He abandons his wife and children (the latter laughing at him behind his conservative, respectable back) to indulge in a life of excitement and adventure such as he had never dared dream. Yet, beneath it all, once he gets to Paris, he is still a mouse in many ways ready to be laughed at and exploited by those of the underworld that he encounters. But, as these people will also find out, the mouse can turn.

The clerk who goes on a spree is played by Claude Rains in, shockingly, one of only six motion pictures in which he appeared during the '50s. A woman of questionable morals that he meets and with whom he becomes obsessed is played by Marta Toren, a dark haired beauty whose appearance always reminded me of the gorgeous Alida (The Third Man) Valli.

Also in the cast are Marius Goring as a police inspector who wants to catch up with Rains before he really gets himself into even more serious trouble, and Herbert Lom, as his employer of the company for whom the clerk has been the perfect accountant for 18 years. All four actors give solid interpretations of their roles. Watching Rains and Lom together made me think of a former Phantom of the Opera working with a future one.

But it's Rains who is the primary source of interest in this drama, and it's his performance that brings many of the small pleasures to be found in this film which, at times, is also noteworthy for its lovely Technicolor. Rains plays a man who, by circumstances, stumbles into crime after a life of total boring respectability, and there are unsettling scenes in which an inner demon suddenly springs upon the face of an otherwise docile little man. There's a wickedness, suppressed for years, that bubbles to the surface, only to suddenly disappear again.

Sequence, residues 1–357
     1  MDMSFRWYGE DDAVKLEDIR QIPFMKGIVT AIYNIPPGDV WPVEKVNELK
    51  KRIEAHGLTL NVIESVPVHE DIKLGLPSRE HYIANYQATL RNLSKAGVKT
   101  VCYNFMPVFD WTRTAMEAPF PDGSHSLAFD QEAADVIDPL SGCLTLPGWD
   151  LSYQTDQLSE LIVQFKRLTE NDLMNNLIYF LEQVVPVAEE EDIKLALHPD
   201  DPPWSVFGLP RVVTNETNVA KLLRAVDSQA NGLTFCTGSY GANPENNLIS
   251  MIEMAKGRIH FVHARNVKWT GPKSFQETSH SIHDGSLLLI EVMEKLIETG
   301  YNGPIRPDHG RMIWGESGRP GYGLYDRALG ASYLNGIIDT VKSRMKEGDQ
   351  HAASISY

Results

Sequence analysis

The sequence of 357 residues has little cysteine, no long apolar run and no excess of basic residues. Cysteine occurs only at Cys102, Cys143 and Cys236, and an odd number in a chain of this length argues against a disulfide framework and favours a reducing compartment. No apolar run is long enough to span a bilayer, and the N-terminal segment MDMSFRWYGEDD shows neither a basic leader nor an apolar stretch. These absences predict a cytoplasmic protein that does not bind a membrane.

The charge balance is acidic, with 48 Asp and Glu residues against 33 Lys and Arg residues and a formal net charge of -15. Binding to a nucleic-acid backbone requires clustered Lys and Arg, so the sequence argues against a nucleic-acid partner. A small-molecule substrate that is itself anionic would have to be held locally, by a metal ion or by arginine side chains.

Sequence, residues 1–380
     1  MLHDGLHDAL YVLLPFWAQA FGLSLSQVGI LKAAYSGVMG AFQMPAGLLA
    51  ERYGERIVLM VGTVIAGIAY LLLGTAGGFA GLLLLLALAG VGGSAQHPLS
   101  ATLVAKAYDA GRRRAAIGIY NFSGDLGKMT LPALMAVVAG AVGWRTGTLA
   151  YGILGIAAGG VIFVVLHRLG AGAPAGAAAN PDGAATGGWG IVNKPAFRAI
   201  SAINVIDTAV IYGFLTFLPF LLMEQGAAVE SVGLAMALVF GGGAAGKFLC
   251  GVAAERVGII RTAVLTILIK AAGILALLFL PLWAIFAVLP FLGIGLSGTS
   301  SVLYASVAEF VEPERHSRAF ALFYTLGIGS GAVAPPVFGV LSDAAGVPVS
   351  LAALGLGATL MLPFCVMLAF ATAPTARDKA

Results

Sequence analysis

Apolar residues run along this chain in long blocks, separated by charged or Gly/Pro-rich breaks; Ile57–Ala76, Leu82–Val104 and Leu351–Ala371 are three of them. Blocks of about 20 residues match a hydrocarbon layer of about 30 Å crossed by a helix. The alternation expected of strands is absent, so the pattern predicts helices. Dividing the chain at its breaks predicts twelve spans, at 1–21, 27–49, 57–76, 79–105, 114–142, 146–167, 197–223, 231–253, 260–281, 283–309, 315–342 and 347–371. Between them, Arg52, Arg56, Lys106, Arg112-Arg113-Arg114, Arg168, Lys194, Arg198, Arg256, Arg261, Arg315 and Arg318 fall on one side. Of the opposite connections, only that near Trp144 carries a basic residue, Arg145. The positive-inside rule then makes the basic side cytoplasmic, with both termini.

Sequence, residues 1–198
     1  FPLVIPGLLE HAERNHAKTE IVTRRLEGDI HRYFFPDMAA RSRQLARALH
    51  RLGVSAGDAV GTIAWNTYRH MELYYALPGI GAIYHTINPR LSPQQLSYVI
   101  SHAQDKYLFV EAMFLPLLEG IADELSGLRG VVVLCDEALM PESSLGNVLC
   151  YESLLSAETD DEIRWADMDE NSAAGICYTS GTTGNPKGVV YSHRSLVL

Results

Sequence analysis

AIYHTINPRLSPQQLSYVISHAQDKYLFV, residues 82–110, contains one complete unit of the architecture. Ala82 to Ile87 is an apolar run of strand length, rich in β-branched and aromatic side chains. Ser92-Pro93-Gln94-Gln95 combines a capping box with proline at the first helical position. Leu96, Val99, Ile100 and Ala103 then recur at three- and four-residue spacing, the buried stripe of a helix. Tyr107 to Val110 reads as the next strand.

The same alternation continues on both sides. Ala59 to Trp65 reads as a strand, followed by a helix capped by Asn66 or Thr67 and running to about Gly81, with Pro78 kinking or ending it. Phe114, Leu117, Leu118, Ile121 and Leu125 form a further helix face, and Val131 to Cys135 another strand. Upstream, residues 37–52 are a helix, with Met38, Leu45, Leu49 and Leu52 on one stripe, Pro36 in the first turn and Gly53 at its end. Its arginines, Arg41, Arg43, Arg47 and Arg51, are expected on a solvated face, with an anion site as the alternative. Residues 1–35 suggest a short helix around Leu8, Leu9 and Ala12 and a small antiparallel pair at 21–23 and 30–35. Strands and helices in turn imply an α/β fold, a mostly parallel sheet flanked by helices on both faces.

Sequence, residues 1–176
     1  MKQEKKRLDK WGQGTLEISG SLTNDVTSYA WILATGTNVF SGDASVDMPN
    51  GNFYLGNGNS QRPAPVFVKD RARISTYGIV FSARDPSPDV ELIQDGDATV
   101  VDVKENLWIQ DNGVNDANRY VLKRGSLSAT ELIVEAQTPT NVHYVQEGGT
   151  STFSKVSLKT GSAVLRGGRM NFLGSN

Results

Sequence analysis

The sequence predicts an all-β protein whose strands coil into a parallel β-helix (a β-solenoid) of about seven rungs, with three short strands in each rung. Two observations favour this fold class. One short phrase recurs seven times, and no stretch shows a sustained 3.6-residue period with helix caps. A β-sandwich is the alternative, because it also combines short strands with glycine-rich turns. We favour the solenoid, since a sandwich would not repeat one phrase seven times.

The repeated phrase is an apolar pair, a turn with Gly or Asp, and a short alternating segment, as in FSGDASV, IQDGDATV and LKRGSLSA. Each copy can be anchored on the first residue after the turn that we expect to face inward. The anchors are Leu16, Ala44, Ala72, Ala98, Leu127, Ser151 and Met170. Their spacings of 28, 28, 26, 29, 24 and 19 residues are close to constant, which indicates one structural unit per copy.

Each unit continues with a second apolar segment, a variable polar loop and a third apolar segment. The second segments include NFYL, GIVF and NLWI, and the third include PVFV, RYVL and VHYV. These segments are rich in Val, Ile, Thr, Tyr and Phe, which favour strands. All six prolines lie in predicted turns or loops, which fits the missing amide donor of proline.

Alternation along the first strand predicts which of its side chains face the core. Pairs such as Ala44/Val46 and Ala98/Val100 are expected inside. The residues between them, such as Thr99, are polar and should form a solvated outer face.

The change in character might be a little too sudden for complete conviction, at times, but it's such a pleasure to watch a seasoned professional like Rains at work here that I'm ready to forgive this little film for its weaknesses.

In the final analysis, The Man Who Watched Trains Go By (the title is explained by the film's opening scene, which shows Rains on his bicycle day dreaming about the exotic destinations of a train passing by him) is a minor drama. However, it is distinguished by the strong work of its cast and, in particular, the performance of the silken haired, elegant Claude Rains.

One of the great character actors of the studio system days, Rains' best work was behind him after leaving Warner Brothers in 1947. Here, however, he is given an opportunity to bring his subtle art to the screen once again in this independently produced European production.

Reviewed by SnoopyStyle6 / 10

British film in Paris

Chief clerk Kees Popinga (Claude Rains) realizes that the owner De Koster has been stealing money from their Dutch company. The police from France is investigating. Apparently, De Koster has been planning to take the money and escape to his Parisian girlfriend Michèle Rozier. Popinga catches De Koster burning the books at the office. He has had enough of De Koster's lies and ends up killing his boss. He runs away with the money and encounters police investigator Lucas on the train back home to Paris.

I'm not sure why he would run to De Koster's girlfriend unless he has fallen in love over a picture. There seems to be no plans. I appreciate that he's flustered and clueless in a way. I just don't understand what he's trying to do going to Rozier. It seems more likely that she would steal the money for herself. He could run away to anywhere else and whoever else. Otherwise, it's interesting to watch this crime drama happening in post-war Paris. It's very much more British than French. This is no New Wave.